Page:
It goes without saying that the Houston Texans must improve their won-loss record in 2014. The 2013 team was the first in NFL history to start off 2-0 and then lose its next 14 games, ending up with the worst mark in the league.
Replacing Gary Kubiak with Bill O’Brien as the head coach is the first step towards that end. Bill Barnwell of Grantland.com judged the Texans’ coaching post as the most attractive job opening in the league and O’Brien as the likeliest candidate for it.
According to Gregg Rosenthal of NFL.com, the former Penn State head coach accepted the offer of owner Bob McNair on Dec. 31, just two days after the regular season finale. The hiring was formally announced on Jan. 4 at a Reliant Stadium press conference.
Other changes have included blowing out most of the coaching staff from the Kubiak era. Defensive coordinator Wade Phillips, who had interviewed for the head coach opening, was the most notable casualty. It was announced on Jan. 7 that defensive line coach Bill Kollar would be retained and will be joined by six of O’Brien’s assistants from Penn State.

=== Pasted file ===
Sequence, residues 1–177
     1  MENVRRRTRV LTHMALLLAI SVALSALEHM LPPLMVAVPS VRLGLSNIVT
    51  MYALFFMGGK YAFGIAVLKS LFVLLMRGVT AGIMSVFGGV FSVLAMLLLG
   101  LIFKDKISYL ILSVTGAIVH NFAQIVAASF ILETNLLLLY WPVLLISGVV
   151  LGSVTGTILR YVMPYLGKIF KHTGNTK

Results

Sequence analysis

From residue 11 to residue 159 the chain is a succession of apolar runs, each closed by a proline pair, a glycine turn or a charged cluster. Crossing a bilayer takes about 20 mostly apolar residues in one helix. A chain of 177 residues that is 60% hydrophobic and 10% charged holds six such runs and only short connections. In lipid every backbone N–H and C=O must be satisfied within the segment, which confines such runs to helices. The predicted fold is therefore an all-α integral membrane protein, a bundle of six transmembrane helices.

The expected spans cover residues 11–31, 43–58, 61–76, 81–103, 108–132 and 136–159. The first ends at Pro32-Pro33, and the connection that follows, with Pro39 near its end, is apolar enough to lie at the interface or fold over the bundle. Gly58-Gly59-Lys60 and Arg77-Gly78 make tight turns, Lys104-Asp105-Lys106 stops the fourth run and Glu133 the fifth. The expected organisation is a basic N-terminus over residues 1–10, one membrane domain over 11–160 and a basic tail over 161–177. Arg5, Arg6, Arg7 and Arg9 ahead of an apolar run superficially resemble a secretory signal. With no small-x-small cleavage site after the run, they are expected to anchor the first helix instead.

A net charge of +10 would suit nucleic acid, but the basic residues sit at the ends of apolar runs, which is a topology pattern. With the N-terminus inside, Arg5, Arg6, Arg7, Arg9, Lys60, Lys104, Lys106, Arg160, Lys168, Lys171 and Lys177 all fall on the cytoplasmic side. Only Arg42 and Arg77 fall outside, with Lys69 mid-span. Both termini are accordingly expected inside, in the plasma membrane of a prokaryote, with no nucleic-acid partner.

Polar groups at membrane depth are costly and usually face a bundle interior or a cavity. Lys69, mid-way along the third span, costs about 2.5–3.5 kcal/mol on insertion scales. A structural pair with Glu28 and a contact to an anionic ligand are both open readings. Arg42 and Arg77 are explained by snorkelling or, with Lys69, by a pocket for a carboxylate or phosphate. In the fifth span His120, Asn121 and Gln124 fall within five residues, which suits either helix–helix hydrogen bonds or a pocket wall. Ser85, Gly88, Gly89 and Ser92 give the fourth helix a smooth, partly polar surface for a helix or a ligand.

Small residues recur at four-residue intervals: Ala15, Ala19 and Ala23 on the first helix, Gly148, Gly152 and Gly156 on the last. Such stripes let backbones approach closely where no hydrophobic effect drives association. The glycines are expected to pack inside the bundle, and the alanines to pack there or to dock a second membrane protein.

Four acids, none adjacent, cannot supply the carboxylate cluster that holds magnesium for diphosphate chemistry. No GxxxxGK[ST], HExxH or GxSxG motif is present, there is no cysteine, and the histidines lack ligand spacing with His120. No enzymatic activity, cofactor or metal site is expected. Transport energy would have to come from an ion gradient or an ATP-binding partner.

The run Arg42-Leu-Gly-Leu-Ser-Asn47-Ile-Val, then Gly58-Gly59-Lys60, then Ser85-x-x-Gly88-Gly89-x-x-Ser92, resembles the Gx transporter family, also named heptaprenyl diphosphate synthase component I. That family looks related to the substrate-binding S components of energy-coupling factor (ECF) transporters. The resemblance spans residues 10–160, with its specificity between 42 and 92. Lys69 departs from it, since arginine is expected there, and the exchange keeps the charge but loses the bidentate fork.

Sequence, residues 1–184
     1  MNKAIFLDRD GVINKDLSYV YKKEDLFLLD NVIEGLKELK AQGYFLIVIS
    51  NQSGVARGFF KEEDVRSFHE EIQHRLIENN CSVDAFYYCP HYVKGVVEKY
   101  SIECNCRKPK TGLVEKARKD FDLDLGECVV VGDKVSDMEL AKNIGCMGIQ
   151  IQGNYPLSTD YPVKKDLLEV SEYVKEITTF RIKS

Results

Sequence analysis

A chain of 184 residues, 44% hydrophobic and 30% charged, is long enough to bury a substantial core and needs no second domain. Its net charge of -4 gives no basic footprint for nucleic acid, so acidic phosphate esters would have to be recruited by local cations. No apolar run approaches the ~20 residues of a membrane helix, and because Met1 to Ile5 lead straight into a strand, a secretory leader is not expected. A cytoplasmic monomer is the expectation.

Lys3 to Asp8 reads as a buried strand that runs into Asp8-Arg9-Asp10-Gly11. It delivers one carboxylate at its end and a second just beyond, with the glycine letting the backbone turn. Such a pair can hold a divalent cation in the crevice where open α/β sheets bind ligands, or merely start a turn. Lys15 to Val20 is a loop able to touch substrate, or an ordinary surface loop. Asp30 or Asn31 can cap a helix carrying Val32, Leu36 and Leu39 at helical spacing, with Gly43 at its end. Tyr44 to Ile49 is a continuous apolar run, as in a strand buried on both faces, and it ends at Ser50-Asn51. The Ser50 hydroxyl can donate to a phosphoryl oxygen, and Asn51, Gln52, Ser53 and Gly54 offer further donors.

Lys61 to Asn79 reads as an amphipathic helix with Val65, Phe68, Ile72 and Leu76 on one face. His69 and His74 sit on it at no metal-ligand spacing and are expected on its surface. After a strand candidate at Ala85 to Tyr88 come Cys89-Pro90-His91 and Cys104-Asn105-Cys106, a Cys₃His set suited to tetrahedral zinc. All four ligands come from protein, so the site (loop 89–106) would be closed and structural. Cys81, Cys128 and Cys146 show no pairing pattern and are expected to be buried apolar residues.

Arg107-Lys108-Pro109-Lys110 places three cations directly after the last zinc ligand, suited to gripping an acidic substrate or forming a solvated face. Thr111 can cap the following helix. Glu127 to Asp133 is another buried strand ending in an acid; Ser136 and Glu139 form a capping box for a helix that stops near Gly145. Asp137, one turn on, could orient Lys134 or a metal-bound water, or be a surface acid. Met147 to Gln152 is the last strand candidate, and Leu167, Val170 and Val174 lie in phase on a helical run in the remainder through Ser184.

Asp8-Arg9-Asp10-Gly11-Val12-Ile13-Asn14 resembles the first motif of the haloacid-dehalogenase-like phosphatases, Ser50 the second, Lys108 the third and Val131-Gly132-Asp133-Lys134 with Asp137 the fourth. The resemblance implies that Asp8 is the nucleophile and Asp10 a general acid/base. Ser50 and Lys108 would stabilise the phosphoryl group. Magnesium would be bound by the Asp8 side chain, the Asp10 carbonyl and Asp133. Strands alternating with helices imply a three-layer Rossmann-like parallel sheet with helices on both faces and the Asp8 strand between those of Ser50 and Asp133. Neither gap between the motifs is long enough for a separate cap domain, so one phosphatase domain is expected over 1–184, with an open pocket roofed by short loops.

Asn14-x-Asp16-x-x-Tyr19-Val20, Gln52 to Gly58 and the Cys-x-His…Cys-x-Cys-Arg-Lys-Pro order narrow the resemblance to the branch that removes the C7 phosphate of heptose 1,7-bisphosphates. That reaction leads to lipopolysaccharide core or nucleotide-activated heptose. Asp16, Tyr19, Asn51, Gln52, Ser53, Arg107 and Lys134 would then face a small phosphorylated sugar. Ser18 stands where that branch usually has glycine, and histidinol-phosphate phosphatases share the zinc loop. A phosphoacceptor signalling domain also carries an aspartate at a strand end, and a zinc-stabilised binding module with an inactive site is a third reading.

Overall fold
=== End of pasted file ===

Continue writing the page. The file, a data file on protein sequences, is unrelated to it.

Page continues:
General manager Rick Smith was fortunate to survive the firing of Kubiak, the man who helped get him the job. Smith also has the first pick in the draft to play with this year. The Texans' need to select a quarterback seems so obvious that it is hard to imagine any other position getting serious consideration.
No matter who is selected at the top of the first round by Houston, the 2014 roster will be impacted by almost as much turnover as the amount of Texans turnovers on the field last season.
The arrival of a new coach, combined with some painful financial realities, will result in a squad that bears only a partial resemblance to the one that disappointed so many of its fans in 2013.